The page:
We reached the end of Long Island after a couple of reasonably big days. There’s a frustrating lack of signage in these parts and no confirmation that all our turns were ok until a sign appeared ‘2000 feet road ends.’ Relieved and tired we jumped on the Orient Point ferry which took us to New London, an illegitimate 4th cousin to the real London. There were no campgrounds, the tourist info centre was closed down and we were happy to leave next day. This part of our adventure is not well researched and there’s a lot of thinking on the run. But we were cycling through lovely rolling countryside with huge old oaks and maples, and eventually we arrived in Quonset. Very little happens in Quonset and definitely no camping so,ahead of schedule, we jumped on the late afternoon ferry to Martha’s Vineyard.
This meant arriving at dusk and high tailing to the campground which we reached in darkness. But we’ve pitched our little tent a few times and in minutes we were set up and feasting around a roaring fire.


Next day we retraced our steps through this quaint and lovely place in the light of day.

And after so many years, such a happy reunion.

Out and about with Carol and Tash, an insiders guide to Martha's Vineyard

Out and about with Carol and Tash, an insiders guide to Martha’s Vineyard

 

 

 

 

 

 

 

 

It feels like we’ve been transported back 100 years…no traffic lights, no fast food, just grand old homes, manicured gardens and ancient oaks.

We rode out to Menemsha for their famous dockside seafood. We got lost on the way. With map in hand and surrounded by miles of oak forest, we were incredibly grateful to see another cyclist approaching. He turned out to be a local and groaned when he saw our map. ‘Thats hopeless, missing roads and just designed for a tourist memento.’ he said before pointing us in the right direction. It was further, hillier and windier than we expected, but well worth the effort. It was also where we discovered that of six small towns on Martha’s Vineyard, four are dry!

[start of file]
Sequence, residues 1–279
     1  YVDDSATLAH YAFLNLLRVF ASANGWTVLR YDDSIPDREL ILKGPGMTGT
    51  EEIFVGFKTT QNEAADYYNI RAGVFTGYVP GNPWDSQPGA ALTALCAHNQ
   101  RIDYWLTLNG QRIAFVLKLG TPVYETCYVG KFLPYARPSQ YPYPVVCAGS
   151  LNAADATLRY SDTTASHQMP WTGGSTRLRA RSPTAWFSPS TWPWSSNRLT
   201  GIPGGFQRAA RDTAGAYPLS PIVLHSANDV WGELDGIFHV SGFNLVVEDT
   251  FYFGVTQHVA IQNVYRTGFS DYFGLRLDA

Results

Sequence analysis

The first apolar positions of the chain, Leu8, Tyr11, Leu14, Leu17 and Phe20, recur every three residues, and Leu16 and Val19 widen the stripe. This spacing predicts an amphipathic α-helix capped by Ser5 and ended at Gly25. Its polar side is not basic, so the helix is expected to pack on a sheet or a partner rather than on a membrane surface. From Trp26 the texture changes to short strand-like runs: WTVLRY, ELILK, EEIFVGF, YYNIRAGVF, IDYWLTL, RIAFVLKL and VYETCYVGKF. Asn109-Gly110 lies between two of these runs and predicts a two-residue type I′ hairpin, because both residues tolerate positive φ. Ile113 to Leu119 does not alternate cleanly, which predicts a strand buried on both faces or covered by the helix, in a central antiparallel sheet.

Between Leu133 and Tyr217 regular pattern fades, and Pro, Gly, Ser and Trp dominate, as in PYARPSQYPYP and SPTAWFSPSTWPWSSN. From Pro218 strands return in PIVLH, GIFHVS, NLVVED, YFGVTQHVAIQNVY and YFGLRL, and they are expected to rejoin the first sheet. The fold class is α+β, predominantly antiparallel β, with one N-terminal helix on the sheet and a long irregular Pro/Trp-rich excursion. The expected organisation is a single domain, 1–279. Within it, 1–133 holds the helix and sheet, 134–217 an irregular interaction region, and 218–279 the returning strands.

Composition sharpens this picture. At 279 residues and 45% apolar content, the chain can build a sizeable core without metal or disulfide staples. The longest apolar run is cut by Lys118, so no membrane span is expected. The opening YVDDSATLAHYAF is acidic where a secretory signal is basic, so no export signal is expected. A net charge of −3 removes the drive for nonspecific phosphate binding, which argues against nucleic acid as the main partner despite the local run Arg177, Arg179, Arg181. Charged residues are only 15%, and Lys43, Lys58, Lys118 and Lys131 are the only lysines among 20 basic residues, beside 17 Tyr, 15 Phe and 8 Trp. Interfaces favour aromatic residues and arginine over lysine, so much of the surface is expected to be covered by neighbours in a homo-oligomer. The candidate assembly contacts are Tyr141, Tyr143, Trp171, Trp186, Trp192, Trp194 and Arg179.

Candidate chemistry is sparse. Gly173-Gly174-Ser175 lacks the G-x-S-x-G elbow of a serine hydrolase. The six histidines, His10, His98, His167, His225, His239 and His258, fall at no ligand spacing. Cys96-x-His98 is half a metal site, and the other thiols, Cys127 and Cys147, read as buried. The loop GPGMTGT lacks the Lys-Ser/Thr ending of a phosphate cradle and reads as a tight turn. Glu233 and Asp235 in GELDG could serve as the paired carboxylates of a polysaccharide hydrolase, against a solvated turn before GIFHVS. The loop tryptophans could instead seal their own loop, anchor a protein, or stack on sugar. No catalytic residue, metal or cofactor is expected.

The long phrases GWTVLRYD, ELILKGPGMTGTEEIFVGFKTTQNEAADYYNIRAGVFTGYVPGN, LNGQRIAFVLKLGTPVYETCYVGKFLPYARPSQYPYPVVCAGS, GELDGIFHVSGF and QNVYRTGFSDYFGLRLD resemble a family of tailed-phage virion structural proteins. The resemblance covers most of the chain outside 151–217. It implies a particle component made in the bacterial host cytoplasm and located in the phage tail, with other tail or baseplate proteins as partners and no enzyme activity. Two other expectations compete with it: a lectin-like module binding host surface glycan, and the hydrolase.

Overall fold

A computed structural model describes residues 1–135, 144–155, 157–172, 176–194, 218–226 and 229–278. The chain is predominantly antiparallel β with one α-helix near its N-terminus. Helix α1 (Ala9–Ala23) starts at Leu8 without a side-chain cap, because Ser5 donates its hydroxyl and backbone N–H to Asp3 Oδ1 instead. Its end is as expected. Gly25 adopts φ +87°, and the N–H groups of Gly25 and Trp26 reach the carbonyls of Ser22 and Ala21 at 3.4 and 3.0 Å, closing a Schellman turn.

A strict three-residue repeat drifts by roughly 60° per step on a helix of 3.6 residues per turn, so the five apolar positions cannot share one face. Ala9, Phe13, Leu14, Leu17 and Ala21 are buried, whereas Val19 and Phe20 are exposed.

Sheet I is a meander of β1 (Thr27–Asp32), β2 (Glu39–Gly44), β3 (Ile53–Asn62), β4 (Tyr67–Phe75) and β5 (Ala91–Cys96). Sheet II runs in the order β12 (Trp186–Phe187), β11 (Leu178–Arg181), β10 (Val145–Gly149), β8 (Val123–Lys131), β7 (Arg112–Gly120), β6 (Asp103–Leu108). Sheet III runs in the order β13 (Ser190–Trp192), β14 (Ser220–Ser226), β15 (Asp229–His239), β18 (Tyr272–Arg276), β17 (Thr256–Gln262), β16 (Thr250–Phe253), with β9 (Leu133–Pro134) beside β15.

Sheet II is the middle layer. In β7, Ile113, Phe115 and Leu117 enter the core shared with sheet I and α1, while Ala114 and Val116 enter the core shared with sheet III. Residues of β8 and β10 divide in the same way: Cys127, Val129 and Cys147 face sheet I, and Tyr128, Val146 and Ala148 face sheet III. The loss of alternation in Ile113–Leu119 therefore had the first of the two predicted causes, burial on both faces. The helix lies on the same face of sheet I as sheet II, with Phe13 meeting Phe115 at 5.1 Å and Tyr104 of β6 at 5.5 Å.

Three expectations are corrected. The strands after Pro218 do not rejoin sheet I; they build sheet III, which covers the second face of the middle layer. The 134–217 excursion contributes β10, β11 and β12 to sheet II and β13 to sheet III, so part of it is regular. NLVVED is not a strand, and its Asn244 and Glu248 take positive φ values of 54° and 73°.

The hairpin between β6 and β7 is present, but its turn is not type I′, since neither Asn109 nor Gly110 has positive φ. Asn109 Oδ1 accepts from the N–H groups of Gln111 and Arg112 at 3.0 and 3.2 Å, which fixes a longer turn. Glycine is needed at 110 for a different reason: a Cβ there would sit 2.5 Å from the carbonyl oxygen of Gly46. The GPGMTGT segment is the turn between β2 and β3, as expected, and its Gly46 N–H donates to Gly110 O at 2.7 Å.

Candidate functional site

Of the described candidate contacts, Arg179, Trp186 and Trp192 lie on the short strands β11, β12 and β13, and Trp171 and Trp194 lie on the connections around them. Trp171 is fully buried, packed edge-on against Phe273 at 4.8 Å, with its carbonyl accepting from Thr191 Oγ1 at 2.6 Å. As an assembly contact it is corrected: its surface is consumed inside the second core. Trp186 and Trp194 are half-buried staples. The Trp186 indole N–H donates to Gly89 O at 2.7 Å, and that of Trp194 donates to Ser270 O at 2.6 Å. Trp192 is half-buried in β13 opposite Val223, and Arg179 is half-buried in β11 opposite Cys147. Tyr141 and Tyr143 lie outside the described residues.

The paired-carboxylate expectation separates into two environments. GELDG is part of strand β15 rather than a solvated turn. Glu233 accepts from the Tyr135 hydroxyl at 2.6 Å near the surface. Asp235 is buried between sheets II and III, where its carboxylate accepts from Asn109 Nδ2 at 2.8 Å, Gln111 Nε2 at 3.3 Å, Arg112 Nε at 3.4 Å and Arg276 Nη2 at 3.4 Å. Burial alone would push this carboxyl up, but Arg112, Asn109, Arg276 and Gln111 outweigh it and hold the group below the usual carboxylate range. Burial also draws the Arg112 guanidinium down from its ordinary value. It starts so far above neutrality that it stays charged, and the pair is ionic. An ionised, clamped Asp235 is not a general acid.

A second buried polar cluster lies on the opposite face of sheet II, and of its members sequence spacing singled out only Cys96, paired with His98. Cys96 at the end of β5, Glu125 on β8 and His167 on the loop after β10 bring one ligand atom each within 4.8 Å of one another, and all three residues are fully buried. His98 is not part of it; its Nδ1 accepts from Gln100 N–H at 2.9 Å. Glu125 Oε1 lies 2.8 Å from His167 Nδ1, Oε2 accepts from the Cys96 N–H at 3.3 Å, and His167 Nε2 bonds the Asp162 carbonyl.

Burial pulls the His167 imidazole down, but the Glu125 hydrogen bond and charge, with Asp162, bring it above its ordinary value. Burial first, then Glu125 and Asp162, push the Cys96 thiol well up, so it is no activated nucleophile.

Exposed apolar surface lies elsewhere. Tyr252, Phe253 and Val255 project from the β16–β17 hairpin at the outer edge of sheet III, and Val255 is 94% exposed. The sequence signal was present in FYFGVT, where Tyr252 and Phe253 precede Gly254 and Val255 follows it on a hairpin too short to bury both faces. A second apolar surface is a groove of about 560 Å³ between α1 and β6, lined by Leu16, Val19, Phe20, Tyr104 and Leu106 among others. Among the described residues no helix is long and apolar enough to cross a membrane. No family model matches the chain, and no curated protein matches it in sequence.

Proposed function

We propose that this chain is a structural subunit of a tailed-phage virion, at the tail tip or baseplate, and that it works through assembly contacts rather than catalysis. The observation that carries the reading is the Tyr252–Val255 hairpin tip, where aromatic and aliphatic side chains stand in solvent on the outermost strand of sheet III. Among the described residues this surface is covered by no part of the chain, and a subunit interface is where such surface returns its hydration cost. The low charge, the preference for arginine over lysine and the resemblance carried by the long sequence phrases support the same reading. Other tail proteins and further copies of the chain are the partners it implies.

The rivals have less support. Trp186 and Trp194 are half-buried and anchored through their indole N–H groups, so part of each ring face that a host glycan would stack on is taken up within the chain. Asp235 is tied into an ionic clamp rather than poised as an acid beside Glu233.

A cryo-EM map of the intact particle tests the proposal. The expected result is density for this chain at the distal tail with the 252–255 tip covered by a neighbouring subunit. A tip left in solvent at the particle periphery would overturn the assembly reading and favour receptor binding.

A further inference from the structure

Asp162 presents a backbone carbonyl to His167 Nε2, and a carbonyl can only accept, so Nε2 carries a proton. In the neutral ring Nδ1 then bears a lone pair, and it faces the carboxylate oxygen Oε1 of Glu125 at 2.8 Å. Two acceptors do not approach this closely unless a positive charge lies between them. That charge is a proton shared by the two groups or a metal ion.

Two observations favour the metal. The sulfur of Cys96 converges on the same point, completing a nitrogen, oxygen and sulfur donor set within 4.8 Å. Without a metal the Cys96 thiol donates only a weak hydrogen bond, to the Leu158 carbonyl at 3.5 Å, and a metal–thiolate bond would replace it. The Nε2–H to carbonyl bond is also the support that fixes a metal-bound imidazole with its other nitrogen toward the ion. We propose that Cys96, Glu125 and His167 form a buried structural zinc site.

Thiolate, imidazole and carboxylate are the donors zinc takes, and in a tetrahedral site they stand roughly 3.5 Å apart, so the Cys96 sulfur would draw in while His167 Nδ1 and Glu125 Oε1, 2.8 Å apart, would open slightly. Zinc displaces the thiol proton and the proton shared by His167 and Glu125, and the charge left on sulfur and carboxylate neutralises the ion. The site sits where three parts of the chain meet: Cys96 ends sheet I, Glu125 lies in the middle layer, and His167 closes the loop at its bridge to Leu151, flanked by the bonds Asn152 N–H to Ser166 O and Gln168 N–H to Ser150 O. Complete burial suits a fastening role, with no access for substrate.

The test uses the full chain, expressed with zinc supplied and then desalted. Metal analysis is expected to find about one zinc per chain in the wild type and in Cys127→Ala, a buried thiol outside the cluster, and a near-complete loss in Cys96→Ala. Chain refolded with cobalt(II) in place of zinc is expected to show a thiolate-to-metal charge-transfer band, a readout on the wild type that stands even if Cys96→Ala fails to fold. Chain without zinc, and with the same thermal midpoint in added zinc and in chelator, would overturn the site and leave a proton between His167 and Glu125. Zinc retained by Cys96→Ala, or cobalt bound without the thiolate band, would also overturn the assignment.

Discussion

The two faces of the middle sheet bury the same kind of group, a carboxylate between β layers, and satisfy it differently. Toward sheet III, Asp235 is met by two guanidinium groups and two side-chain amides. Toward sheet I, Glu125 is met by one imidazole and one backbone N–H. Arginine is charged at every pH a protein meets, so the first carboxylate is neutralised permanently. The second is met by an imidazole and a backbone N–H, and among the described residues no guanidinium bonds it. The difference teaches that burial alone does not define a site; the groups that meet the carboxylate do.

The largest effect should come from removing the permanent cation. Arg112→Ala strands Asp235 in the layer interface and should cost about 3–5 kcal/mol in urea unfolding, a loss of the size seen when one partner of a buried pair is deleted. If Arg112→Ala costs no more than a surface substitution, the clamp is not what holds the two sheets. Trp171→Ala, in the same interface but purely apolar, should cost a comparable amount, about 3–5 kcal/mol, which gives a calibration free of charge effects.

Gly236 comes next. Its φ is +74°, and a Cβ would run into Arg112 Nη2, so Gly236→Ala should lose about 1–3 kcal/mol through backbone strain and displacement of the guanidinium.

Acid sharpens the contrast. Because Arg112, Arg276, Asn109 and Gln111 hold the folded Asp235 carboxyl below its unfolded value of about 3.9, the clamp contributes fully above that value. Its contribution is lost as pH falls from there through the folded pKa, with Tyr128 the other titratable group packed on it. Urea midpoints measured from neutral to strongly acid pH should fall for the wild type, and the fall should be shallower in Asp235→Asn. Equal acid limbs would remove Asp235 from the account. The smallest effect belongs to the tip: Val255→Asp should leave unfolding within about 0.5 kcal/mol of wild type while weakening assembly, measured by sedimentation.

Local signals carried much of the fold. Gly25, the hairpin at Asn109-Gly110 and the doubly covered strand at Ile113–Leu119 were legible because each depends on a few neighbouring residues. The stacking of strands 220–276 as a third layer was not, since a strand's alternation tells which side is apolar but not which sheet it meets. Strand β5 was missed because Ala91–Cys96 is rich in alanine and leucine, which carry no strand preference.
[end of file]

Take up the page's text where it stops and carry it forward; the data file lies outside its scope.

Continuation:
From Martha’s Vineyard we took the ferry to Woods Hole where a great cycle path wound through bush and past marshland out into the middle of nowhere. By the time we realised our destination was miles behind us, it was too late to go back and not exciting going forwards either. We spent the next day in limbo and right about now realised our plans were so loose we’d ended up in no-mans land.

Officially entering no-mans land on this manic bridge.

Officially entering no-mans land on this manic bridge.

 

 

 

 

 

 

 

 

So we ducked into Hertz, hired a little Jeep, loaded it to the gunwales and happily set off again. From Massachussets we drove up the coast to Maine and across New Hampshire, where the official state motto is ‘live free or die.’ Whaaaat! By now we had a plan and were ready to hand the car back in Burlington, Vermont.

 

Lake Champlain and the ride north towards Montreal is absolutely picturesque and brimming with old world charm. It’s also fraught with difficulties, starting with the fact that Québécois do NOT like to speak English and very often can’t. This was a big surprise for us since it’s part of Canada and the other provinces make a huge effort with French signage. I have a solution for them though…they should just secede and get on with being French!

Just south of Montreal we arrived in a largely deserted campground (most of them are now) and as we Frenglished our way through the check-in process, two more cycle tourers arrived. Lutz and Herbert were visiting from Germany and while setting up our tents, Lutz told us the nearest campground they could find for the next day was 30km out of Montreal. 30km at both ends of the day doesn’t work well if you want to take a look at the place. I sent off some requests on ‘warm showers’ in the vague hope that someone would say ‘yes, no trouble, you can come and stay tomorrow!’ Warm showers is like couch surfing for cyclists. The four of us decided to have dinner at the campground restaurant, but as we entered, the the chef came out gesticulating wildly that they closed at 8pm. I pointed at my watch…7.50pm. “Fritz,’ he scowled. ‘No fritz,’ I said. The owner appeared and after a multilingual exchange it was decided that we could all have spaghetti with meat sauce. Honestly, chefs!
A great evening followed, and then we returned to find a surprise email… yes, we could stay with a couple in Montreal! We farewelled Herbert and Lutz next morning, wishing that we had more time with these fun and interesting guys.

With Lutz and Herbert near Montreal.

With Lutz and Herbert near Montreal.

 

 

 

 

 

 

 

 

Google maps directed us toward Montreal and when hunger pangs grew too much we stopped at a most unpromising looking boulangerie. But a surprising treat was in store. The husband and wife team produced fantastic and irresistable delicacies. And who would have thought a huge chunk of crusty bread with fresh butter and homemade jam could be so downright scrumptious? We ate what we could plus some, before continuing on to Montreal.